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Abstract Detail

Phytochemical Section

Reese, R. Neil [1], Wyzgoski, Faith J [2], Miller, A. Raymond [3], Scheerens, Joseph C. [3], Rinaldi, Peter L. [4], Bishop, Bert [5], Ozgen, Mustafa [6], Tulio, Artemio J. [3], Giusti, M. Monica [7], Bomser, Joshua A. [8].

Biologically Active Plant Metabolites in Black Raspberries: A Nuclear Magnetic Resonance (NMR) Spectroscopy-Based Approach to Identify Anticancer Compounds.

A NMR-based approach to metabolomics research that enables the identification of bioactive compounds in unpurified plant extracts was developed. Black raspberries, which are known to contain compounds that exhibit chemopreventive activity toward oral, esophageal and colon cancers, were evaluated chemically and in a cancer cell bioassay. To characterize bioactive components and their interrelationships, 1H-NMR spectra of 19 black raspberry samples (four cultivars from 7 commercial berry farms in Ohio) were partitioned into 0.005 ppm segments and the areas within those fractions subjected to principal component analysis. Multivariate analysis of assay data that included anthocyanin content (HPLC), antioxidant activity (DPPH, ABTS, FRAP), total phenolics (Folin-Ciocalteau assay) and bioactivity as measured by inhibition of colon cancer HT-29 cell lines showed correlations with principle components (eigenvectors). Specific regions of 1H-NMR spectra contributing to each of the eigenvalues provide direction for identification of the specific biologically active compounds using multidimensional NMR techniques. Initial experiments were conducted with a 400 MHz spectrometer and experiments using the fully developed protocols were conducted using replicate black raspberry samples, examined with a 750 MHz NMR spectrometer, equipped with a cryoprobe that provided a 4- to5- fold improvement in sensitivity. This method utilized the natural variation in black raspberry secondary metabolites to identify biologically active chemicals and synergistic interactions between compounds without fractionation of samples before testing.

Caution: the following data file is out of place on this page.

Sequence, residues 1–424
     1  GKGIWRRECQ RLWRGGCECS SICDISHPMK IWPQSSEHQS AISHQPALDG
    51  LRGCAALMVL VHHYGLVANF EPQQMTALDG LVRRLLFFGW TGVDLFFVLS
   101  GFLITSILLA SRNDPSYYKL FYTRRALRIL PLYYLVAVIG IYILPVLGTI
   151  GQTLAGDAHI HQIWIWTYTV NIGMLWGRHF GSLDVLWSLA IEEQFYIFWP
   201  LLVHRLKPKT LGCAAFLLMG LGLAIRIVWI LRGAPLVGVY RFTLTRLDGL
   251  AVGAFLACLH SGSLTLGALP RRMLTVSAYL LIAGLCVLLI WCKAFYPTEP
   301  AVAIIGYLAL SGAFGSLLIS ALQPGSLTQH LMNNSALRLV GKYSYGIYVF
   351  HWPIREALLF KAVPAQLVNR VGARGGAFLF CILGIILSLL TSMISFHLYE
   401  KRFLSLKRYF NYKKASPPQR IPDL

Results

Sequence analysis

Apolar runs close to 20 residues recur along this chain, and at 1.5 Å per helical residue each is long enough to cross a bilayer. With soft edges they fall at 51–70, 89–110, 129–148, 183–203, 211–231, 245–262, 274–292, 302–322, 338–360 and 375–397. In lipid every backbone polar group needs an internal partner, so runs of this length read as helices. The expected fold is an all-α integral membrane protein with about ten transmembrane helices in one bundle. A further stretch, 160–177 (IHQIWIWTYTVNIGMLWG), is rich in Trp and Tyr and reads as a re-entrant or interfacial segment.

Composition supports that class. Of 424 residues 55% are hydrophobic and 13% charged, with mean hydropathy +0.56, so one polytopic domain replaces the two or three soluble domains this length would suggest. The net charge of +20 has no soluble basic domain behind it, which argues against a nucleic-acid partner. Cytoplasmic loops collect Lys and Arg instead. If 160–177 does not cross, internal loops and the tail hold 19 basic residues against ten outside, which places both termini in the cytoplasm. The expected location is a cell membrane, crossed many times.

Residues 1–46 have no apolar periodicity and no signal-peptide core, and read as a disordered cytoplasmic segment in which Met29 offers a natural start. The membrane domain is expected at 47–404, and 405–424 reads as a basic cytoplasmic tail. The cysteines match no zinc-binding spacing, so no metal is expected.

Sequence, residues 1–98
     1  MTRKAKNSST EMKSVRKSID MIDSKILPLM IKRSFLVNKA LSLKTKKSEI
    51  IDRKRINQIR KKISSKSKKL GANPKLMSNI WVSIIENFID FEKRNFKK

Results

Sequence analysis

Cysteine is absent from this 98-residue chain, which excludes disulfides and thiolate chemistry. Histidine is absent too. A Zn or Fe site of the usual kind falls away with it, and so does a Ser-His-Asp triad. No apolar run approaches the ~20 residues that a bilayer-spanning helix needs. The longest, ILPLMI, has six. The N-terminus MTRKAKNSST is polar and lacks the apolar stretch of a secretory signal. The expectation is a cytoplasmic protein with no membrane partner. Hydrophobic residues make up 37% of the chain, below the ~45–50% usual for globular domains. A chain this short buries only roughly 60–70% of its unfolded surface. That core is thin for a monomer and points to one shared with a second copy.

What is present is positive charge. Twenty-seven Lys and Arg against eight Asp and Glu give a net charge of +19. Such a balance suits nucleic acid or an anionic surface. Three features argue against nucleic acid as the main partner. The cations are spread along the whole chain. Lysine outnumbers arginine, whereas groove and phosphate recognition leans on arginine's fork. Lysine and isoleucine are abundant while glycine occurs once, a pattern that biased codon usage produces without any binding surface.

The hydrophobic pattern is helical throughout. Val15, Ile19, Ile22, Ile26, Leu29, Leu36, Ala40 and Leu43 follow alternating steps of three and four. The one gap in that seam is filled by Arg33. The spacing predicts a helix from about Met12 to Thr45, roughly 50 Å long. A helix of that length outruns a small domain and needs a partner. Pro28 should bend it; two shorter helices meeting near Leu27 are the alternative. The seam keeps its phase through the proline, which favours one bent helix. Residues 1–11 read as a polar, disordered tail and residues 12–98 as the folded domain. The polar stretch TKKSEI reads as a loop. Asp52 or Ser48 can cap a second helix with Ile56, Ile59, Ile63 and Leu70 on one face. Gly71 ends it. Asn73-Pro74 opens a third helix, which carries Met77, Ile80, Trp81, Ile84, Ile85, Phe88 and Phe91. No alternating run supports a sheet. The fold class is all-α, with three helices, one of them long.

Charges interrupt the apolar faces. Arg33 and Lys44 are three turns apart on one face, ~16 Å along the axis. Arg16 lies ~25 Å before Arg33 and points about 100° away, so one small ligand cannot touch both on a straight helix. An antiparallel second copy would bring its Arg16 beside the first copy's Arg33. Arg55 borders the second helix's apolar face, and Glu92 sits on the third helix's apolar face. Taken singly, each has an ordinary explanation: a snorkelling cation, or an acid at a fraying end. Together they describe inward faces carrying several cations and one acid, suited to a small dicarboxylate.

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1 - South Dakota State University, Department of Biology & Microbiology, Box 2140D, Brookings, South Dakota, 57007, USA
2 - Ohio State University, Mansfield, Department of Chemistry, Mansfield, Ohio, 44906, USA
3 - Ohio State University, Ohio Agricultural Research & Development Center, Department of Horticulture & Crop Science, Wooster, Ohio, 44691, USA
4 - University of Akron, Department of Chemistry, Akron, Ohio, 44325, USA
5 - Ohio State University, Ohio Agricultural Research & Development Center, Computing & Statistical Services, Wooster, Ohio, 44691, USA
6 - Gaziosmanpasa University, Horticulture Department, Tokat, TR-60240, Turkey
7 - Ohio State University, Department of Food Science & Technology, Columbus, Ohio, 43210, USA
8 - Ohio State University, Department of Human Nutrition, Columbus, Ohio, 43210

black raspberries
secondary metabolites.

Presentation Type: Poster:Posters for Sections
Session: 48-121
Location: Auditorium/Bell Memorial Union
Date: Tuesday, August 1st, 2006
Time: 12:30 PM
Abstract ID:581

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